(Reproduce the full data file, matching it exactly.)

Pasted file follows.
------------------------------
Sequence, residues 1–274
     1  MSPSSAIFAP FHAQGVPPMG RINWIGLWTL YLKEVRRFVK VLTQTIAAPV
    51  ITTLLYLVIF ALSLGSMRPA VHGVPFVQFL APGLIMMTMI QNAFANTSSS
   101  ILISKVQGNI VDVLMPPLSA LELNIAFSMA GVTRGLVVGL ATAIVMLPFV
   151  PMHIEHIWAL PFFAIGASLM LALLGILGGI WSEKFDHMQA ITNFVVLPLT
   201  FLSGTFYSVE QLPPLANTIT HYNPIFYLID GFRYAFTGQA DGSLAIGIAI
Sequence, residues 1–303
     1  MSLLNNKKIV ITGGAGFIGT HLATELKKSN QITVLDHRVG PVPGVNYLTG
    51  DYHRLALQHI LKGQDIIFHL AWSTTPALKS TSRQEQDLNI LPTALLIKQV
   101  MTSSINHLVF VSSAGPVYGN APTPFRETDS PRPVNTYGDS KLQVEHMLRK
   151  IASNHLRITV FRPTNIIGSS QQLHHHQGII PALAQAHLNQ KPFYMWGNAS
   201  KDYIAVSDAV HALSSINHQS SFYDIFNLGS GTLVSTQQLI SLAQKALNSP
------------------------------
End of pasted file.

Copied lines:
Sequence, residues 1–274
     1  MSPSSAIFAP FHAQGVPPMG RINWIGLWTL YLKEVRRFVK VLTQTIAAPV
    51  ITTLLYLVIF ALSLGSMRPA VHGVPFVQFL APGLIMMTMI QNAFANTSSS
   101  ILISKVQGNI VDVLMPPLSA LELNIAFSMA GVTRGLVVGL ATAIVMLPFV
   151  PMHIEHIWAL PFFAIGASLM LALLGILGGI WSEKFDHMQA ITNFVVLPLT
   201  FLSGTFYSVE QLPPLANTIT HYNPIFYLID GFRYAFTGQA DGSLAIGIAI
Sequence, residues 1–303
     1  MSLLNNKKIV ITGGAGFIGT HLATELKKSN QITVLDHRVG PVPGVNYLTG
    51  DYHRLALQHI LKGQDIIFHL AWSTTPALKS TSRQEQDLNI LPTALLIKQV
   101  MTSSINHLVF VSSAGPVYGN APTPFRETDS PRPVNTYGDS KLQVEHMLRK
   151  IASNHLRITV FRPTNIIGSS QQLHHHQGII PALAQAHLNQ KPFYMWGNAS
   201  KDYIAVSDAV HALSSINHQS SFYDIFNLGS GTLVSTQQLI SLAQKALNSP